Kalief Browder was 16 when he was arrested in 2010, as he walked home from a party in the Bronx. He was accused of stealing a backpack. Unable to post bail, Browder ended up spending the next three years of his life at the infamous Rikers Island jail, nearly two of them in solitary confinement. He committed suicide in 2015, not long after his release.
Rikers Island, which has a gory history, has since become a concrete symbol of what ails the American criminal justice system. The vast jail complex earned a reputation as a cauldron of violence, one that continues to haunt those inmates who have made it out. “It smells like a hospital, but it feels like a madhouse,” one formerly incarcerated man recalled in the New York Daily News.
One answer to that question comes in the form of a new report, which argues that through better design, jail facilities can produce positive effects on the folks inside and outside their walls.
The report is the result of the Justice in Design initiative, which the Van Alen Institute launched in collaboration with New York City Council Speaker Melissa Mark-Viverito and the Independent Commission on New York City Criminal Justice and Incarceration Reform she spearheaded. Over the last few months, this initiative has brought together architects, environmental psychologists, criminal justice experts, and community members from the Bronx, Brooklyn, and Queens—including those who were formerly incarcerated—to brainstorm a solution. Together, this team has come up with recommendations to reconfigure the geography, programming, and design of New York City’s jails.
The report outlines a plan for “justice hubs,” structures that are essentially the antithesis of Rikers jail complex, which was designed to house upwards of 10,000 inmates on an island in the East River. Per a report released by the Independent Commission on New York City Criminal Justice and Incarceration Reform:
[The isolation of Rikers] also contributes to a culture of violence and neglect. The design of the jails on Rikers with their long, linear corridors and the decaying physical plant (which provides multiple opportunities to fashion weapons) pose a constant threat to correction officers.
That’s why, for one, “justice hubs” are rooted in each borough, close to courts. The obvious benefit of a dispersed network of jails is that detainees get easier access to legal counsel, hearings, service providers, and their families. “The crux of the project is looking at the jail system as something that could ideally be decentralized … leading to higher levels of efficiency not just for the jail system itself, but for the city,” says David van der Leer, the executive director of Van Alen Institute.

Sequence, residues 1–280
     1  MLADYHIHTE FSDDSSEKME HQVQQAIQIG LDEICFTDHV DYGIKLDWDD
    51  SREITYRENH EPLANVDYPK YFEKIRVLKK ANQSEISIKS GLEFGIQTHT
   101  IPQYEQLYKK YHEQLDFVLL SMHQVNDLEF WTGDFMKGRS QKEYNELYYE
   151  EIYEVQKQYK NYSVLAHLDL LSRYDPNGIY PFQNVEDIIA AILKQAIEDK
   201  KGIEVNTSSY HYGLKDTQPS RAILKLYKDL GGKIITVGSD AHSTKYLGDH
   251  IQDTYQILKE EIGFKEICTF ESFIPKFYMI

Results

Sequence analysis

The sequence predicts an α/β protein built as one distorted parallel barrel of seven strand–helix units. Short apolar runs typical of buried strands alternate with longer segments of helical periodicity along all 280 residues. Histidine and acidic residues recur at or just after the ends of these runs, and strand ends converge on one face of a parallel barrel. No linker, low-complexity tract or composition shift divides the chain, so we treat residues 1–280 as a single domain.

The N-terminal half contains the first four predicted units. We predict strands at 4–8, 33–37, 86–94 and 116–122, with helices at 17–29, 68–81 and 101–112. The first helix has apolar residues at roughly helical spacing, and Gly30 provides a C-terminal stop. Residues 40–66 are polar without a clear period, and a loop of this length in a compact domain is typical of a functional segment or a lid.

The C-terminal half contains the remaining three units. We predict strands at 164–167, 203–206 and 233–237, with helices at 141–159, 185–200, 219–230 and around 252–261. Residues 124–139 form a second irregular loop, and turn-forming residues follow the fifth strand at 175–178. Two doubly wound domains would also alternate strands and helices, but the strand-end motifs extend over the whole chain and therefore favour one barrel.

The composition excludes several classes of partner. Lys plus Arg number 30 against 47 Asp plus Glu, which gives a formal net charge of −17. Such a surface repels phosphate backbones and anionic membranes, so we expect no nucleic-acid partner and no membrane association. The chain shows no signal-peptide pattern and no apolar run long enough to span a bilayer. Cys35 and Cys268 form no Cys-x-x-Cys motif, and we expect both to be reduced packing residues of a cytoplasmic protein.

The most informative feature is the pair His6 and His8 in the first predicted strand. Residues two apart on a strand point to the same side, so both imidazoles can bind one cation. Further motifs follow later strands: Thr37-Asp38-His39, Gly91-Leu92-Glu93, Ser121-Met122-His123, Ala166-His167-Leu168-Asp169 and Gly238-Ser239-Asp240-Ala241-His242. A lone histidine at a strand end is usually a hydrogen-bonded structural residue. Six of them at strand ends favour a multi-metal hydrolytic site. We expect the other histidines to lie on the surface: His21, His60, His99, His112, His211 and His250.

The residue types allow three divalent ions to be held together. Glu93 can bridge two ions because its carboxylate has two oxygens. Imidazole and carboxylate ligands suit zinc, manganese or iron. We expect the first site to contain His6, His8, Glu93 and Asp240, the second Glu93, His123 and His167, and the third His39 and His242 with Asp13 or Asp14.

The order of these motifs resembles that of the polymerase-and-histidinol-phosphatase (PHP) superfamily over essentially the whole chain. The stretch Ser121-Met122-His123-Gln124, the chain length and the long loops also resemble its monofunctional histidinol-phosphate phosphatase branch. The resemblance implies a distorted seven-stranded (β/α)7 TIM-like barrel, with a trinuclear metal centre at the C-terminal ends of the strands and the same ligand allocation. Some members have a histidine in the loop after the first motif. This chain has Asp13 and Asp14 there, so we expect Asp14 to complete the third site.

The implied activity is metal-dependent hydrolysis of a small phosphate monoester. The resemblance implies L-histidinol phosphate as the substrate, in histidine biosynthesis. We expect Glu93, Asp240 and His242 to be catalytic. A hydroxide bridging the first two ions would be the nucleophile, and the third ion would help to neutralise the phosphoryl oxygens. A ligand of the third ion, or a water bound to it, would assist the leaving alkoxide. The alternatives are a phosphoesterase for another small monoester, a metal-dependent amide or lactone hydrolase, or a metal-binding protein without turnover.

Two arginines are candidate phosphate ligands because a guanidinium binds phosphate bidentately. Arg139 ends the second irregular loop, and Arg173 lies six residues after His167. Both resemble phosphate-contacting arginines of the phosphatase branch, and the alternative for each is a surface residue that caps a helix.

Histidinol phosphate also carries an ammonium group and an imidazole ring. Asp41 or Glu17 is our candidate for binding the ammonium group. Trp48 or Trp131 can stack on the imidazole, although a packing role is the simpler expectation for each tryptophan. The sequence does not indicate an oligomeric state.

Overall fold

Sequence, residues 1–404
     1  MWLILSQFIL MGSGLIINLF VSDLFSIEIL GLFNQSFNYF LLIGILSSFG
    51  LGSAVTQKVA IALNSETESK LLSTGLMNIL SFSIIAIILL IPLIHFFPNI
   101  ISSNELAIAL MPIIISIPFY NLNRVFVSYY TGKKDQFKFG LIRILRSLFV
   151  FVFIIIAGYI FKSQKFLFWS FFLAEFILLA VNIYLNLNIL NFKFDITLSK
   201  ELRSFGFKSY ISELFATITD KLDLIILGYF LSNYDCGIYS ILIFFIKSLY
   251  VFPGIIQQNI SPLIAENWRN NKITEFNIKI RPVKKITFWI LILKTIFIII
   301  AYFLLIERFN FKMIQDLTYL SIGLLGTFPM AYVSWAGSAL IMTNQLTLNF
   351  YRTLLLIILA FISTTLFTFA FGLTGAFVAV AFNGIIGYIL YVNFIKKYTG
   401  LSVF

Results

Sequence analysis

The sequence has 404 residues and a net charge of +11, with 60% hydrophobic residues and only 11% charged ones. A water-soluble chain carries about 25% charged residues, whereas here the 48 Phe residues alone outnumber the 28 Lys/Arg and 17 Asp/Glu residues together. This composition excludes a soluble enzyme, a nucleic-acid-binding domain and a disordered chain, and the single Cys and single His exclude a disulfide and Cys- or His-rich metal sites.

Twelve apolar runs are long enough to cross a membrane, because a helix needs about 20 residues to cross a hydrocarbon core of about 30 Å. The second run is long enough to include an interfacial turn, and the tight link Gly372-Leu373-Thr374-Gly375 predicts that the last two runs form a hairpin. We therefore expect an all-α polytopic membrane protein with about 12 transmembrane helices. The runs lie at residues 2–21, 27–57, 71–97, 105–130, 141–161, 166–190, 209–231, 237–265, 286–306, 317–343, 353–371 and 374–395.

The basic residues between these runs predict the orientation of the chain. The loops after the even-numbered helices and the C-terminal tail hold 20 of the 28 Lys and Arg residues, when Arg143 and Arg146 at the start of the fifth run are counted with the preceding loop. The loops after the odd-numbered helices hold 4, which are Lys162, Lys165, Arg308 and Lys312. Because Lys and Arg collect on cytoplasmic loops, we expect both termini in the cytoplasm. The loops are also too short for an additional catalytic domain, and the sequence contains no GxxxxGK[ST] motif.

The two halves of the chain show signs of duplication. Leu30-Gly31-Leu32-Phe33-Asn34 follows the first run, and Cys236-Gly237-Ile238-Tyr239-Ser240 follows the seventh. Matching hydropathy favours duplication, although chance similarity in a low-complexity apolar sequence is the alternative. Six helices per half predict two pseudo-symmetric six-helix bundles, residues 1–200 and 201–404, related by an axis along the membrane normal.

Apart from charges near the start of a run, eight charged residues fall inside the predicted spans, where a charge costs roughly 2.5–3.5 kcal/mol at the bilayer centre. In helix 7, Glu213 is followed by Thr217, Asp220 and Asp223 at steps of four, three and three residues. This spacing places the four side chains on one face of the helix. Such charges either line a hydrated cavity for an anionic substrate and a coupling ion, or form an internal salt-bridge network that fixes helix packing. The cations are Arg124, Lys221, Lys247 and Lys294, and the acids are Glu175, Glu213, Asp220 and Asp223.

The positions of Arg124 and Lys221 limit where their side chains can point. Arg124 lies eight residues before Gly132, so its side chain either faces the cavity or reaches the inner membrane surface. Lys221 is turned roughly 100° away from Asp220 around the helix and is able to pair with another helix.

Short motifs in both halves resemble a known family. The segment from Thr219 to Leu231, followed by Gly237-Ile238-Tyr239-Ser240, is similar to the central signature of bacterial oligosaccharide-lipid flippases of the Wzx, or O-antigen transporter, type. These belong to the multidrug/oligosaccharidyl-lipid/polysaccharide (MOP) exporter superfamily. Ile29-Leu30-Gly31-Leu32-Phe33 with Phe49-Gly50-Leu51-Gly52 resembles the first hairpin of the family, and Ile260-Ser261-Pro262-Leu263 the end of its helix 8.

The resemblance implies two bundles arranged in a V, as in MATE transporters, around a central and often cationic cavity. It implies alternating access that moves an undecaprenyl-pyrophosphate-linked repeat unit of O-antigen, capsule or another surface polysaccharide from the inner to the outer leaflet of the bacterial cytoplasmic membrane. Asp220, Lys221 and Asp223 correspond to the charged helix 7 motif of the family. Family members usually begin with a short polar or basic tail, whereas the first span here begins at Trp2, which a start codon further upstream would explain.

In addition, such a system could help keep incarcerated individuals within their communities. “When they were located on Rikers, it was ‘out of sight, out of mind,” says Jessica Lax, the director of competitions at Van Alen. “But in borough-based jails, you start to think of these individuals as part of your community—[people] that you should be concerned about.”
How the spaces we’re in look, feel, and smell affects our behavior. Keeping that in mind, the team envision less oppressive interiors in justice hub for everyone who comes through them—detainees, staff, and visitors. They recommend more natural light, better ventilation, and surfaces that don’t retain bad smells, as well as room to allow for easy movement. Indoor areas for rehabilitation services and outdoor spaces for recreation would make the space healthier.
In addition, the report suggests introducing justice hubs as assets for the neighborhoods they’re place in, not problems. Overcoming the NIMBY fears of nearby residents would be a tall order: To that end, the authors recommend including amenities like libraries, public plazas, community gardens, art studios, and areas for providing medical and social services.
What are the odds of implementing these kinds of ideas? The notion of reforming a big American city’s jail system along such radically humane Nordic lines may be a hard sell. One anticipated critique is that making jails nicer will fail to deter criminals. But the booming jail populations in the country largely consist of people being held in the pretrial period. Like Kalief Browder, many are in these facilities because they cannot afford bail. (In New York City, that’s 75 percent of the jail population.) Jails also house individuals for authorities like Immigration and Customs Enforcement (ICE) for the purposes of deportation. In both these cases, the goal of detention is administrative, not punitive. And even in the case of incarcerated people convicted of the gravest crimes, there’s a difference between a punitive environment and an inhumane one.
The team hopes that this justice hub model inspires local jurisdictions to rethink these institutions and their role. It’s scalable to other cities, and elements might even be adapted to rural towns, which have now become the epicenters of bloated jail populations. In the struggle to chip away at mass incarceration on many different fronts, design has a role to play, van der Leer insists.
“What you want to set up [is] a humane system that allows people [to] rethink their potential in society,” he says, “so that they don’t come back.”
This article is part of our project “The Presence of Justice,” which is supported by a grant from the John D. and Catherine T. MacArthur Foundation’s Safety and Justice Challenge.
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